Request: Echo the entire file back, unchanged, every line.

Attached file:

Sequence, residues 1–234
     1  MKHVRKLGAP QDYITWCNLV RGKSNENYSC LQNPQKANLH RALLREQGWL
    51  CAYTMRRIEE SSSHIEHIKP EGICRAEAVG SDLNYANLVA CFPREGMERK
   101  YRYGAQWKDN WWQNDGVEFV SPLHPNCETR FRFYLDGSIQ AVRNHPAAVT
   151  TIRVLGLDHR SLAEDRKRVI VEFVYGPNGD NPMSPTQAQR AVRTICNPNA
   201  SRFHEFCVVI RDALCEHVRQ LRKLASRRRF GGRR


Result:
Sequence, residues 1–234
     1  MKHVRKLGAP QDYITWCNLV RGKSNENYSC LQNPQKANLH RALLREQGWL
    51  CAYTMRRIEE SSSHIEHIKP EGICRAEAVG SDLNYANLVA CFPREGMERK
   101  YRYGAQWKDN WWQNDGVEFV SPLHPNCETR FRFYLDGSIQ AVRNHPAAVT
   151  TIRVLGLDHR SLAEDRKRVI VEFVYGPNGD NPMSPTQAQR AVRTICNPNA
   201  SRFHEFCVVI RDALCEHVRQ LRKLASRRRF GGRR